US6443675 *Feb 17, 2000Sep 3, 2002Roto Zip Tool CorporationHand-held power tool
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US6447221Mar 5, 2001Sep 10, 2002Mei-Tung ChenStructure of drilling machine
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Referenced by
Citing PatentFiling datePublication dateApplicantTitle
US8746526 *Sep 15, 2009Jun 10, 2014Robert Bosch GmbhFastener driver with blank fire lockout
US20110062207 *Sep 15, 2009Mar 17, 2011Credo Technology CorporationFastener driver with blank fire lockout
Classifications
U.S. Classification144/136.95, 409/206, 409/182
International ClassificationB27C5/10, B23C1/12
Cooperative ClassificationB27C5/10, B23C1/20, B23C2255/12, B27G23/00, B27G21/00
European ClassificationB27G23/00, B27C5/10, B27G21/00, B23C1/20
Legal Events
DateCodeEventDescription
Mar 18, 2013FPAYFee payment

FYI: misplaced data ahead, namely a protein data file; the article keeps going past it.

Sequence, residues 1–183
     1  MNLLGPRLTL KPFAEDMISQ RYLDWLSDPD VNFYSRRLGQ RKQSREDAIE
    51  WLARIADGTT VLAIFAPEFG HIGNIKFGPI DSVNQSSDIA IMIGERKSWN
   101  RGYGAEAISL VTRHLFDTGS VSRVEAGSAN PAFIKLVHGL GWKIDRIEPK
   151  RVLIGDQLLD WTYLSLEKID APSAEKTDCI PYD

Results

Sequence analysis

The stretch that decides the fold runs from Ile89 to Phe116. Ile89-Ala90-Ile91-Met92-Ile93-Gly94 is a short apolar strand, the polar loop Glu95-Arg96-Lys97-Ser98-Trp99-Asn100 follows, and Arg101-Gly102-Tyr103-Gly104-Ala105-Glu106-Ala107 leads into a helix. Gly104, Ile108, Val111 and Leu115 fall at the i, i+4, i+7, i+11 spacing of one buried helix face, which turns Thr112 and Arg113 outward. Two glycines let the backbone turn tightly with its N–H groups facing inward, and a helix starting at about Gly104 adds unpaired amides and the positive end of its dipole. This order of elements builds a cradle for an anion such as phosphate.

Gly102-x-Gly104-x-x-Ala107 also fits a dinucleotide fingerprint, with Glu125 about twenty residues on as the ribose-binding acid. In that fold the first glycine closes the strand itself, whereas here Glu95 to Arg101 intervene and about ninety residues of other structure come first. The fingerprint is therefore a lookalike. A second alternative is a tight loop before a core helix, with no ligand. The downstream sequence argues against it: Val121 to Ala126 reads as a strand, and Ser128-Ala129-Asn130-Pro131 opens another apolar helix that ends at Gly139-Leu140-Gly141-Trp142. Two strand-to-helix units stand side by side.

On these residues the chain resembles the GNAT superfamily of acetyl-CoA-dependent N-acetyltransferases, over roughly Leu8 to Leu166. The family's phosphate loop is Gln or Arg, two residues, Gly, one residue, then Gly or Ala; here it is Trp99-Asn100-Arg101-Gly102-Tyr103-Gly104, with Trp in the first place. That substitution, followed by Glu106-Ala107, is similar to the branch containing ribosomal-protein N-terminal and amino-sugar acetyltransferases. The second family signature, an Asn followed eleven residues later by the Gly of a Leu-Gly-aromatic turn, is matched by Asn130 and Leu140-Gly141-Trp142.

Year of fee payment: 4
Dec 26, 2007ASAssignment
Owner name: CREDO TECHNOLOGY CORPORATION, ILLINOIS
Free format text: ASSIGNMENT OF ASSIGNORS INTEREST;ASSIGNORS:BAKER, TIMOTHY;BERUSCHA, MICHAEL;CLARKE, DAVID;AND OTHERS;REEL/FRAME:020335/0908;SIGNING DATES FROM 20071211 TO 20071213
Owner name: ROBERT BOSCH GMBH, GERMANY
Owner name: CREDO TECHNOLOGY CORPORATION,ILLINOIS
Free format text: ASSIGNMENT OF ASSIGNORS INTEREST;ASSIGNORS:BAKER, TIMOTHY;BERUSCHA, MICHAEL;CLARKE, DAVID AND OTHERS;SIGNED BETWEEN 20071211 AND 20071213;US-ASSIGNMENT DATABASE UPDATED:20100316;REEL/FRAME:20335/908
Owner name: ROBERT BOSCH GMBH,GERMANY
Free format text: ASSIGNMENT OF ASSIGNORS INTEREST;ASSIGNORS:BAKER, TIMOTHY;BERUSCHA, MICHAEL;CLARKE, DAVID;AND OTHERS;SIGNING DATES FROM 20071211 TO 20071213;REEL/FRAME:020335/0908